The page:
“All discovery that is available and within the possession, custody and control of the prosecutor shall be provided to the defense”
“Discovery” is the term used for items of evidence or items related to evidence in a case. The Court Rule states that discovery includes all “exculpatory information or material” as well as all “relevant material” including documents, statements, reports, names of witnesses, and other records. See R. 5:20-5(b)(1). Some definitions:
- “Exculpatory material” means material “favorable to an accused” juvenile. See Brady v. Maryland, 373 U.S. 83, 87 (1963).
- “Relevant material” means material having “a tendency in reason to prove or disprove any fact of consequence to the determination of the [delinquency] action”—generally a low bar. See N.J.R.E. 401.
In sum, discovery “enables the juvenile and counsel to prepare for all facets” of a case: to understand the State’s charges and how it may plan to support them, and to develop an effective defense or to prove an alternative conclusion, including innocence. See State in the Interest of N.H., 226 N.J. 242, 256 (2016). Accordingly, as stated above, “[a]ll discovery that is available and within the possession, custody and control of the prosecutor shall be provided to the defense.” R. 5:20-5(a).
The obligation to provide discovery falls predominantly on the State—by bringing charges against a juvenile, the State by definition has gathered material relevant to the charges, and has an ongoing duty to investigate—but juveniles or their attorneys have discovery obligations as well. See R. 5:20-5(b)(2). The State’s discovery obligations have been refined or heightened by directives issued by the Attorney General of New Jersey, including a December 2019 directive that requires the State to provide fairly expansive information regarding professional discipline of law enforcement officers who may serve as witnesses in a proceeding against a juvenile. See Attorney General Law Enforcement Directive No. 2019-6 (Dec. 4, 2019), https://www.nj.gov/oag/dcj/agguide/directives/ag-Directive-2019-6.pdf. The Rules of Professional Conduct governing attorneys in New Jersey also impose discovery obligations on State prosecutors. See, e.g., RCP 3.8(d).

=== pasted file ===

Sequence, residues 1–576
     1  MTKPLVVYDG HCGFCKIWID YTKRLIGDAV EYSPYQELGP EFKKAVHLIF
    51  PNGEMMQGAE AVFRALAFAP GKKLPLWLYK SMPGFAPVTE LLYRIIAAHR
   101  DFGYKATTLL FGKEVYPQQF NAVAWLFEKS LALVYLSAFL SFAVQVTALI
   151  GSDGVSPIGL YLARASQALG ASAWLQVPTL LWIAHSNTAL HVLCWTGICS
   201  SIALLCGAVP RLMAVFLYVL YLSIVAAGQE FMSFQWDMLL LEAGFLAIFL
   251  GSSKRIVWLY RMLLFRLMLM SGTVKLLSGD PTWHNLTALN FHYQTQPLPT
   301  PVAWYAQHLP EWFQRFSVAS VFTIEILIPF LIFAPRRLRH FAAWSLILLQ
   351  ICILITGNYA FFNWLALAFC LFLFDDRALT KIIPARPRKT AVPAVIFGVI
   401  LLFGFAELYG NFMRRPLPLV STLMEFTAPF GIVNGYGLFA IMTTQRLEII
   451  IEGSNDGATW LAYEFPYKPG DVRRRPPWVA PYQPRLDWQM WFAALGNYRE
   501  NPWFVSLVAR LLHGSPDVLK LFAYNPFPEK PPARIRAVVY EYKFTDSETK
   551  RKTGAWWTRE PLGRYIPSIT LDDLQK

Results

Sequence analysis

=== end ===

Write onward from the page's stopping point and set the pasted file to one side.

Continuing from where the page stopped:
The failure to turn over an item of discovery generally will result in its exclusion from the case; but if the State fails to turn over an exculpatory item of evidence, the case may be dismissed or any adjudication subsequently overturned, as happened in the celebrated case of Brady v. Maryland. The State “has an ongoing obligation to disclose exculpatory evidence.” State in the Interest of N.H., 226 N.J. at 254.
Careful review of all discovery and vigorous pursuit of missing discovery when appropriate are essential to effective legal defense. For instance, common items of discovery include police reports and search warrant documents, which often evidence constitutional violations requiring suppression or other remedies advantageous to an accused juvenile, even dismissal. Motions to suppress and dismiss are discussed on the following tab.
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